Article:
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Nov 5, 2012 07:03 AM

Kuala Lumpur - Fascinating "Dai Chow"-style dishes from Restaurant 88 (风味饭店)

"Dai chow" are that breed of casual Chinese (mainly Cantonese in KL) eateries which is equivalent to what "tze-char" places are in Singapore, and to a certain extent, the "dai pai dongs" in HK.

Restaurant 88 is one of the more interesting ones I've come across - perched on a hillock off Old Kuchai Road, overlooking the city skyline on one side, whilst hemmed in on the other side by Happy Garden, a large middle-class, mainly Chinese, residential estate. Restaurant 88 has the obligatory zinc-roof, covering a large area which can easily fit in 200 diners comfortably.

What we tried today:
- Fuzhou-style steamed red tilapia. It was my first time trying the dark, garlicky, sourish "Fuzhou-style" sauce - the restaurant owner told me the flavor was derived from salted vegetables - he did not say which type. But it was tasty all the same (I actually thought sour plums were used).
- Braised pig's tendons, with sea cucumber, snowpeas & shitake mushrooms. This was another first-time for me: pig's tendons?! I'd had beef tendons before, but these were smaller and more tender. The brown sauce has a delicious, elusive flavor - but I spied a few pieces of dried cuttlefish in there, plus some slivers of roast pork.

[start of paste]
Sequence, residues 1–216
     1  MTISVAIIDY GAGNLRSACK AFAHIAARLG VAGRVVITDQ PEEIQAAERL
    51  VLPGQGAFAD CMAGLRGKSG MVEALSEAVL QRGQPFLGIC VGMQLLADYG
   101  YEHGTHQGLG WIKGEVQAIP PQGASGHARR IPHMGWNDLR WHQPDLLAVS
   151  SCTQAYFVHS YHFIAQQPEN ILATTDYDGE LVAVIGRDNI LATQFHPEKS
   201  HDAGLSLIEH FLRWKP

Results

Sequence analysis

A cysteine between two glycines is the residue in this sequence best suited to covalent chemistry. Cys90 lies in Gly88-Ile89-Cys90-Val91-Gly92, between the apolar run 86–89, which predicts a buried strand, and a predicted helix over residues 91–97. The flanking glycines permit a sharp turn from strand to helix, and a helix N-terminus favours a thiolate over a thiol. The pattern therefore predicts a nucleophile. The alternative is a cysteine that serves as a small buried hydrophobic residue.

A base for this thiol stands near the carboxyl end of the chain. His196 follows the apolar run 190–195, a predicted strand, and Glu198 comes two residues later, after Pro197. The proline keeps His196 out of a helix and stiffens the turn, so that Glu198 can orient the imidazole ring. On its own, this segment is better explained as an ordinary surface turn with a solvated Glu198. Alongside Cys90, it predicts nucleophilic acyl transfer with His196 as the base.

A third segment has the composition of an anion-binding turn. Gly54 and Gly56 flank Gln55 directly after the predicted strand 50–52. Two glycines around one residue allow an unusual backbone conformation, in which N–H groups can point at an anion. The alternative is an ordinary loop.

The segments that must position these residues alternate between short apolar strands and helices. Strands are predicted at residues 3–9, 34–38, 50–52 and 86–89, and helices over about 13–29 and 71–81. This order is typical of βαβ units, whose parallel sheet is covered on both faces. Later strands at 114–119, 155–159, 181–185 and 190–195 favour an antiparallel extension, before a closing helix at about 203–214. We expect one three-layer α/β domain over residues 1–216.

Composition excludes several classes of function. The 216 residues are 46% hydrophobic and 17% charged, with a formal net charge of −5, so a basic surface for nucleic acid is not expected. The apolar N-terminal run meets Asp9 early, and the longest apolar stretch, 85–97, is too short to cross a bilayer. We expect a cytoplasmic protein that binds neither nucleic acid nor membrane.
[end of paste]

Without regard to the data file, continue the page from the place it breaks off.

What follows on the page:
- Stir-fried long beans with garlic and oyster sauce.

Interesting meal - need to return to try out the other menu items..

Address details
Restaurant 88 (风味饭店)
15, Jalan Batalong, Continental Park
Off Jalan Kuchai Lama
58200 Kuala Lumpur
Mobile: +6012-315 1335

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  1. Red tilapia? Please describe this fish more! The meal looks nice, I trust it was tasty.

    Have you heard the term "Kwong Foo Chow" as well? (Kwong Foo = Cantonese/Cantonese-style) (Chow = fry/stir-fry) I seem to remember "Sang Kee" - that "Dai Chow" place on Jalan Hang Lekir that has been recently discussed here described as "Kwong Foo Chow" as well.

    2 Replies
    1. re: huiray

      The fish flesh had a snapper-like quality, flaky, firm, non-oily, but bony at some parts. The sauce was correspondingly strong as the fish itself did not have a strong flavor.

      I always equated "kwong foo chow" to a certain noodle dish, actually.

      1. re: klyeoh

        True. Deep fried/pan fried noodles with sauce poured over it - "Cantonese style". Perhaps I am thinking of Sang Kee being associated with popular versions of that.